Notorious union buster Rick Berman recently sent an urgent memo to employers across the country warning them that, “this is the first time since the early 1980s where I sense a significant interest by employees in ‘collective action’ and ‘3rd party representation.’”

In his memo, Berman states that “most current HR professionals have no history in dealing with a partial workforce rebellion.”

While Berman’s memo is meant to drum up clients for his PR firm, his observations aren’t wrong. Labor is seeing renewed interest from workers in collective action. Take for example the May 1 nationwide walkouts by employees at some of the largest non-union employers in the country.

Workers from Amazon, Instacart, Whole Foods, Walmart, Target, and FedEx participated in the unprecedented walkouts citing employer record profits at the expense of workers’ health and safety during the COVID pandemic.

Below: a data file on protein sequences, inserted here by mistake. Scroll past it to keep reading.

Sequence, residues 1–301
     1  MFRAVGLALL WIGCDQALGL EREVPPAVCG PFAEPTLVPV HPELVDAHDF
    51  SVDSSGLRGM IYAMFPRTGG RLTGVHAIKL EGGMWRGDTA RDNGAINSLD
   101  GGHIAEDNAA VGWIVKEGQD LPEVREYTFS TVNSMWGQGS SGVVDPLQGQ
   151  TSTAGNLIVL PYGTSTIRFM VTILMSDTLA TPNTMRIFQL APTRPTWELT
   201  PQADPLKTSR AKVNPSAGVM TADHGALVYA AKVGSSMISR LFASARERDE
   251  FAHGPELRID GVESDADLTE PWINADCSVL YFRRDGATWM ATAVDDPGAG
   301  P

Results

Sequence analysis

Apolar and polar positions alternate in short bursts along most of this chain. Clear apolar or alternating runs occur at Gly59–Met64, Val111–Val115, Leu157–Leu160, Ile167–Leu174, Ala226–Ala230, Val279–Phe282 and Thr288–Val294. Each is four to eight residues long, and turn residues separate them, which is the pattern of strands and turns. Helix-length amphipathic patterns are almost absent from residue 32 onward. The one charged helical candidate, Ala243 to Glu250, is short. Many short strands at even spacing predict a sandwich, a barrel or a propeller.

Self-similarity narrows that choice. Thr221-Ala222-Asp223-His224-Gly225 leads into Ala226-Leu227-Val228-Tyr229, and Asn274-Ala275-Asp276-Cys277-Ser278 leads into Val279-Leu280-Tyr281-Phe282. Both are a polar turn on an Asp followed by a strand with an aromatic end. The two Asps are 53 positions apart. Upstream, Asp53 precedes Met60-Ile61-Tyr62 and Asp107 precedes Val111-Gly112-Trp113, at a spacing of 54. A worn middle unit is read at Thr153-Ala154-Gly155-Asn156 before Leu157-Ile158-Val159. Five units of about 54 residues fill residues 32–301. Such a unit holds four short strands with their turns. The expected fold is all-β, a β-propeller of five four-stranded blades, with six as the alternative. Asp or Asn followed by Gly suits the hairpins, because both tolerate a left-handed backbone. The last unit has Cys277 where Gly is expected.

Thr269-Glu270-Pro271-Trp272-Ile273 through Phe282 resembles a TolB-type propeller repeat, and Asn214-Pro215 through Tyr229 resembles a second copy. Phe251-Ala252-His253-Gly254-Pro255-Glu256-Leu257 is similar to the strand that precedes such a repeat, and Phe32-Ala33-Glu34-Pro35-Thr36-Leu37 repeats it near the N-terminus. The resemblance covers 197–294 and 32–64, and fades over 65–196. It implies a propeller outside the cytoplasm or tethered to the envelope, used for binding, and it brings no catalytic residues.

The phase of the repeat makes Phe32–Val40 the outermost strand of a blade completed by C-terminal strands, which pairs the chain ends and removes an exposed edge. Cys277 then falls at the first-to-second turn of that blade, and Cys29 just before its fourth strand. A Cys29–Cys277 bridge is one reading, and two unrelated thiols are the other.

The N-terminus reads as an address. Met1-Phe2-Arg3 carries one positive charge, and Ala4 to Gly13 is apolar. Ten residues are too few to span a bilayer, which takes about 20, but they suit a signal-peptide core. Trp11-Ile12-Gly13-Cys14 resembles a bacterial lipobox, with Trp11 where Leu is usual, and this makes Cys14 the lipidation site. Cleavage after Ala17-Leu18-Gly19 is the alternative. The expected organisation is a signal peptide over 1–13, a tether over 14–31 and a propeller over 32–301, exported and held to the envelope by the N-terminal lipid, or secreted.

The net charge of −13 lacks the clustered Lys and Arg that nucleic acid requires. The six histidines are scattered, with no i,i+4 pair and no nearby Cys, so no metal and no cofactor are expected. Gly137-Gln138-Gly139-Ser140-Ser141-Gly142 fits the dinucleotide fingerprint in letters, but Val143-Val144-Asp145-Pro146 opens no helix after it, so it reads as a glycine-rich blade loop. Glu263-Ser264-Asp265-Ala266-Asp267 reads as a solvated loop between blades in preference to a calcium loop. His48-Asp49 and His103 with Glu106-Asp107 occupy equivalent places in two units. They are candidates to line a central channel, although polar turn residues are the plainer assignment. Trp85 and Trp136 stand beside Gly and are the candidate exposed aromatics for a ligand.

“This company failed us. It failed the workers. It failed me,” said Christian Smalls outside the Amazon warehouse on Staten Island where he used to work and had organized other protests. Smalls says he was fired in March because of his union involvement. The company denies his claims and instead says he was fired for violating quarantine and safety measures.

In addition to the collective action on International Workers’ Day, labor leaders are seeing increased interest in organizing.

Tom Smith, national organizing director for the Communications Workers of America, told reporter Steven Greenhouse that, “coronavirus-related activism was setting the stage for longer-term organizing. It’s changing people’s calculus. Workers often sense they’re taking a risk when they’re acting collectively. But Covid-19 has turned some of that calculus on its ear. Yeah, maybe the boss will hold it against me. Maybe this will put my job in jeopardy. But I’m not going to put my life or my newborn’s life or my immuno-compromised parent’s life in danger.”

Smith said he recently took part in a conference call with 1,000 largely non-union workers about Covid-19 and near-term and longer-term steps.

“All of this is leading folks to really step forward and take action,” he said. “This will be the first workplace confrontation for tens of thousands of people.”

The result, he said, will be many new workplace leaders, groups and networks.